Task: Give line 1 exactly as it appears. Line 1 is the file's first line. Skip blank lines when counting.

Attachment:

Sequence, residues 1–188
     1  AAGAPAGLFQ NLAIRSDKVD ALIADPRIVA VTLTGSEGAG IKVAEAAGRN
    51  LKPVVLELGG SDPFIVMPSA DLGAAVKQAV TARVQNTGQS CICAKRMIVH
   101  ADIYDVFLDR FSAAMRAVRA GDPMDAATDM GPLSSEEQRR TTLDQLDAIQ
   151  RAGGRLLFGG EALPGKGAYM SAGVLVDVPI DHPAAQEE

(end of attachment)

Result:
Sequence, residues 1–188